Tom Cribbin will hold the view that it is not his role to go out and play Dublin in an open game where the inevitable result would be a massacre. The first part of the puzzle is to avoid giving away a bagful of goals. To do that means flooding his defence with a few extra defenders. The downside to this is that it leaves very few to score up front. This part of the game is now called the transition phase and involves having about 10 marathon runners who can tear up and down the field all day. A good footballer with limited athletic ability is a dead species. The modern requirement is to be a runner first and footballer second. If you can get both then you have hit the jackpot.
Westmeath's best chance is to turn the tables on Dublin and score three or four goals. They have men like Paul Sharry, John Heslin and Kieran Martin to make hay too, that is if Sharry is in the mood and the other two take up residence close to the Dublin goal and the ball is kicked in both high and low.
Ger Egan will get plenty of ball around midfield so Westmeath must come with an attacking strategy rather than looking to keep the score down and hoping for a good draw in the qualifiers. Progress is best measured against Dublin in championship football. Westmeath have already got promotion from the bottom division but they should never have dropped so low with a decent bunch of players. So today is about reflecting new ambition as much as this game.
Dublin are playing for history and that sometimes weighs heavily, but they have men of character on this team. Of course they have to make do without Diarmuid Connolly, but it is better that the distraction has been dealt with and if you skate on thin ice too often there is a fair chance of falling in. Anyway Dublin have enough players to cope both in the short term and maybe even in the longer term too. The collective trumps the individual every time.
Connolly at his best is a huge loss; Connolly in truculent mood is limited value; Connolly in foul mood, doing silly things, is a liability. Perhaps Jim Gavin is not losing any sleep over current developments. This will sharpen the senses of the other players and Connolly will be all the better for a holiday.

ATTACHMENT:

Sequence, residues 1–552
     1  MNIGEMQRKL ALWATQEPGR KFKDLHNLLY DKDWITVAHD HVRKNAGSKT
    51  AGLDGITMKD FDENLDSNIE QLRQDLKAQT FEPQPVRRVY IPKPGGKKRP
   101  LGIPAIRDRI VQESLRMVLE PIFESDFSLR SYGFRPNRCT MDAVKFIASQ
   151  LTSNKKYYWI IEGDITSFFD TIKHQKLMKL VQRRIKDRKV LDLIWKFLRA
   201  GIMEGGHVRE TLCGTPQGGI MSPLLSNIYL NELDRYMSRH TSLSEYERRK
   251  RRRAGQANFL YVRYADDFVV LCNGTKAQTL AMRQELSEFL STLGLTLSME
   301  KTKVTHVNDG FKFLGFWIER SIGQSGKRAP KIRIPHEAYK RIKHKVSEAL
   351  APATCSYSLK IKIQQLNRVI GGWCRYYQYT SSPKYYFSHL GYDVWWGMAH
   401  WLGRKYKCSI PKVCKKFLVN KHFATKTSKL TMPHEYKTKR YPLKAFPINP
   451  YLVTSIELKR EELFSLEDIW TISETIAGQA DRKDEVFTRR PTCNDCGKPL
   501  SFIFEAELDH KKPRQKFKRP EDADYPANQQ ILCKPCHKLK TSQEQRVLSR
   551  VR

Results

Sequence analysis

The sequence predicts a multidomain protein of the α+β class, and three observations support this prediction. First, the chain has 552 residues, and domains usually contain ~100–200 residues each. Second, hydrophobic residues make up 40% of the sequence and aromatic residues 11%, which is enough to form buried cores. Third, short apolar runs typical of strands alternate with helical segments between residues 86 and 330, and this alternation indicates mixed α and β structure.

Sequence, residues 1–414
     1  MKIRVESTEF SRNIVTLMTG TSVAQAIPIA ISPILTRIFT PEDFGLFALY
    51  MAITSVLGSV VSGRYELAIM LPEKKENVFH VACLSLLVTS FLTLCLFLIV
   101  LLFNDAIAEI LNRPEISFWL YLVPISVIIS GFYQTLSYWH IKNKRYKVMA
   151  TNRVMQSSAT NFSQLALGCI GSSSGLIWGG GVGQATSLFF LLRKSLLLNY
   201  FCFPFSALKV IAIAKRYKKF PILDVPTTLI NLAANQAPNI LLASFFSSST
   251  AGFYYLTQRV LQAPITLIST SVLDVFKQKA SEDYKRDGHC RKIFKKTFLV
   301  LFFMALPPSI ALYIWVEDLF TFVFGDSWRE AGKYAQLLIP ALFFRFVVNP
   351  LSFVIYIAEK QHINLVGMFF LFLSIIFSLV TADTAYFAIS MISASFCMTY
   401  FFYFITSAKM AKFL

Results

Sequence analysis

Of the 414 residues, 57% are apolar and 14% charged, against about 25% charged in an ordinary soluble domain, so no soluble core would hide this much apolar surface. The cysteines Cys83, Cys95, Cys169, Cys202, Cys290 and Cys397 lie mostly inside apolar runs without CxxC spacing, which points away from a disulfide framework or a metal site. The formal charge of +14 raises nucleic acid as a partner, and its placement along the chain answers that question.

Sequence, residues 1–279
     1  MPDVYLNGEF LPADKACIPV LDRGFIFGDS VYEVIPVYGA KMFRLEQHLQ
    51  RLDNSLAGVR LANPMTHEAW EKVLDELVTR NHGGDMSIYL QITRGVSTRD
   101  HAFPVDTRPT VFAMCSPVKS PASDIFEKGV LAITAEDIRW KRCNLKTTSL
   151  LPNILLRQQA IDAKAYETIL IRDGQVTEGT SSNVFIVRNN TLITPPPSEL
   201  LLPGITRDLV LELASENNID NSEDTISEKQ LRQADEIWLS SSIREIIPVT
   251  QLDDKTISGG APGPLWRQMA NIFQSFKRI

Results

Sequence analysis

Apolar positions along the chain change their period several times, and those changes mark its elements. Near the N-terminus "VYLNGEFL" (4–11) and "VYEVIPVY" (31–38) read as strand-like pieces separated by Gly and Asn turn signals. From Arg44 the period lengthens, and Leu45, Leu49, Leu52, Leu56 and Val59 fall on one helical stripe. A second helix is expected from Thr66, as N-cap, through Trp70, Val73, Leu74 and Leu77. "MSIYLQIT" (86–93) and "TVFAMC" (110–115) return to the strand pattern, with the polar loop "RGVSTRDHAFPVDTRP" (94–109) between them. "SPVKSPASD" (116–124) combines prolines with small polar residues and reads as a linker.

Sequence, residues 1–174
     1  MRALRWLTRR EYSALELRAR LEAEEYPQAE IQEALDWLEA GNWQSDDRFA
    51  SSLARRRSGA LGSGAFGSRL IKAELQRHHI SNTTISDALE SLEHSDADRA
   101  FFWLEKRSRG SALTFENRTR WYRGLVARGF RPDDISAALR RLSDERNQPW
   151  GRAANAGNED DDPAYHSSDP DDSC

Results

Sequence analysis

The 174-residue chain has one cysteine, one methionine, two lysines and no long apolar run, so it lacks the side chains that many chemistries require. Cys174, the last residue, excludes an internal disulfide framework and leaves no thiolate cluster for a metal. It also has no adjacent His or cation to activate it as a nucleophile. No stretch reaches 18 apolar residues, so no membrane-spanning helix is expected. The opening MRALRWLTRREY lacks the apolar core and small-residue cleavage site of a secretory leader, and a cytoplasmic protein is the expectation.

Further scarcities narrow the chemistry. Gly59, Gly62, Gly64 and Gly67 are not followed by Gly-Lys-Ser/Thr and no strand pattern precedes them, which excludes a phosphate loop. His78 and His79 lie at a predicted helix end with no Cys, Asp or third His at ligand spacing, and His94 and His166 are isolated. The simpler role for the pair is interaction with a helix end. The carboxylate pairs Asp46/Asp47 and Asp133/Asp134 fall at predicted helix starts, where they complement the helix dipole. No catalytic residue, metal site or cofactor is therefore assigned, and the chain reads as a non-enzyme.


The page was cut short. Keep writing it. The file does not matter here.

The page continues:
What Dublin need is for players like Brian Fenton to return to last season's form and drive the team on from midfield. Then there is group of players who need to bare their teeth again - Cooper, McMahon, O'Sullivan, McCarthy, Rock, Brogan, the list goes on and on, while Jack McCaffrey will cause chaos with his speed if he can put glue on his hamstrings.
So Dublin hold most of the aces and will be anxious to show some of them, even if the Dublin management don't care too much about today. What they want is a win and for the players to show that there is plenty of fire left in the bellies. In contrast, Westmeath have their sights on less lofty peaks. No harm in being conservative, but they have to play a bit too.
It is not Westmeath's job to save the Leinster championship but they could do everyone a favour by playing no more than one sweeper and keeping a few forwards up the pitch at all times. This may all sound very innocent in the current era but they must keep their best forwards close to the Dublin goal for the whole game. Anything else is going down without courage.
Dublin will win and probably want to send out a signal of future intent. The sub-plots are important to Westmeath and to Kildare as well: the type of challenge offered, the willingness to engage and whether there are chinks appearing in the champions' armour. Dublin to win, probably easily, but hopefully there is a contest, not just a game, for at least 50 minutes.
Sunday Indo Sport